Fighting cystic fibrosis with salt
Cystic fibrosis is a severe disease that could lead to death, if it remains unrecognized or untreated. Scientists of the DZL recently published results of the PRESIS study. They found a less severe course of disease in children who inhaled concentrated saline solution.
Patients with cystic fibrosis (CF) suffer from thick, viscous mucus in organs as lung, intestine and pancreas. This mucus impedes proper digestion of food in the intestine as well as gas exchange in the lungs. The outcome is poor growth of children with CF and a higher prevalence of airway infections and pneumonia. The cause for CF is a genetic defect of the CFTR chloride ion channel which regulates the fluid balance of the mucosae. Because of the fast development of symptoms, life expectancy of patients was very limited during the first half of the 20th century: In general they died already in early infancy. In the meantime, CF patients live at least until their forties. First, the easy to perform sweat test or the recently established newborn screening in Germany improved earlier diagnosis. Second, new medicines, e.g. inhalable antibiotics for a more effective treatment of lung infections lead to a better prognosis.
The PRESIS study which has recently been published in the American Journal of Respiratory and Critical Care Medicine focused on diagnosis as well as therapy: DZL scientists investigated the inhalation of hypertonic saline solution by newborn children, a therapy that is already approved for older children. The saline solution dissolves the viscous mucus in the airways and enables the patients to cough it up more easily. The study should answer the question, if this early and preventive treatment in newborn children delays the onset of symptoms. The course of the therapy was monitored by two diagnostic methods, the measurement of the Lung Clearance Index (LCI) and magnetic resonance imaging (MRI). LCI quantifies the gas exchange in the airways while MRI shows changes in lung structure.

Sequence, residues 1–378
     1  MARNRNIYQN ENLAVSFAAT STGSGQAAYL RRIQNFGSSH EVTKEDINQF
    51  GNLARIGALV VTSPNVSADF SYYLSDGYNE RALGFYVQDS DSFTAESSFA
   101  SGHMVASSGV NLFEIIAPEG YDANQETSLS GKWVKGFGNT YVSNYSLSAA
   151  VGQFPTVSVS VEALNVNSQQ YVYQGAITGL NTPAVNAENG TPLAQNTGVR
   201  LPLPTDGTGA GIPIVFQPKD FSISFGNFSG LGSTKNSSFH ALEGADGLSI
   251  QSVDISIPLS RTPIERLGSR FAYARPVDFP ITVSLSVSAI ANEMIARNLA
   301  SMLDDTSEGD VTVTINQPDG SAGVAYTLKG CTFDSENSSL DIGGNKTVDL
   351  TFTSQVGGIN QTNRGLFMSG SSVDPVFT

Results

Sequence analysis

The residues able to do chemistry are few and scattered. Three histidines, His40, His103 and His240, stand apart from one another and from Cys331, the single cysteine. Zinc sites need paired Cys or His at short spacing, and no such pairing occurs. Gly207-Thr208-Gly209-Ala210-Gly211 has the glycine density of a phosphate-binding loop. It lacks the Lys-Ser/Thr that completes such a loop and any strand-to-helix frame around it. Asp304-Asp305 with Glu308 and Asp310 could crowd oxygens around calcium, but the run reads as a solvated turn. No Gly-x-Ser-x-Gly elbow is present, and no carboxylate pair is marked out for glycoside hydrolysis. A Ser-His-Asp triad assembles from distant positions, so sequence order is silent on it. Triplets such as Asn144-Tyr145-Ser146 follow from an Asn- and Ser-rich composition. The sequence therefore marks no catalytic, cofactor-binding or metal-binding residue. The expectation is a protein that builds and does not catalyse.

Actually, the study showed that children, treated for twelve months with the concentrated saline solution had a better LCI compared to children who inhaled saline solution with a lower concentration. Moreover, they gained weight faster. This lead to the conclusion that inhalation therapy ameliorates the failure to thrive in CF children. Exacerbations were seen rarely in both treatment groups. Side effects also occurred in the same rate. However, the MRI showed no differences in lung structure – in contrast to LCI. The authors think that is due to LCI being a more sensitive method to monitor this preventive therapy. Further studies have to show, if a long-term therapy with hypertonic saline has further advantages in delaying the course of CF. Prof. Dr. Matthias Kopp, pediatric pneumologist at University Medical Center Schleswig-Holstein in Lübeck is convinced that the results of this study will support an earlier start of an inhalation therapy. “This fits well into the treatment concept for children with cystic fibrosis that suggests an early detection of the disease followed by a therapy start as early as possible.” Kopp estimates that also therapy concepts specific for CFTR mutations could contribute: “We have a drug for the most common genetic mutation (‘F508del’) that improves the function of the CFTR chloride ion channel.” This therapy is approved for children who are six years of age or older.
The PRESIS study (‘Preventive Inhalation of Hypertonic Saline in Infants with Cystic Fibrosis’) is a project of the Clinical Trial Platform of the DZL. Scientists of four out of five DZL sites (ARCN, BREATH, TLRC, UGMLC) collaborated under leadership of pediatricians from Heidelberg. A follow-up trial will test, if two-year old infants also benefit from the medicine that improves the function of the CFTR chloride ion channel and if the treatment is safe. Again, Lung Clearance Index (LCI) and magnetic resonance imaging (MRI) will be used to determine lung function.
Stahl M, Wielpütz MO, Ricklefs I, Dopfer C, Barth S, Schlegtendal A, Graeber SY, Sommerburg O, Diekmann G, Hüsing J, Koerner-Rettberg C, Nährlich L, Dittrich A-M, Kopp MV, Mall MA (2018) Preventive Inhalation of Hypertonic Saline in Infants with Cystic Fibrosis (PRESIS): A Randomized, Double-Blind, Controlled Study. Am J Respir Crit Care Med [Electronic publication November 10, 2018] (ARCN, BREATH, TLRC, UGMLC)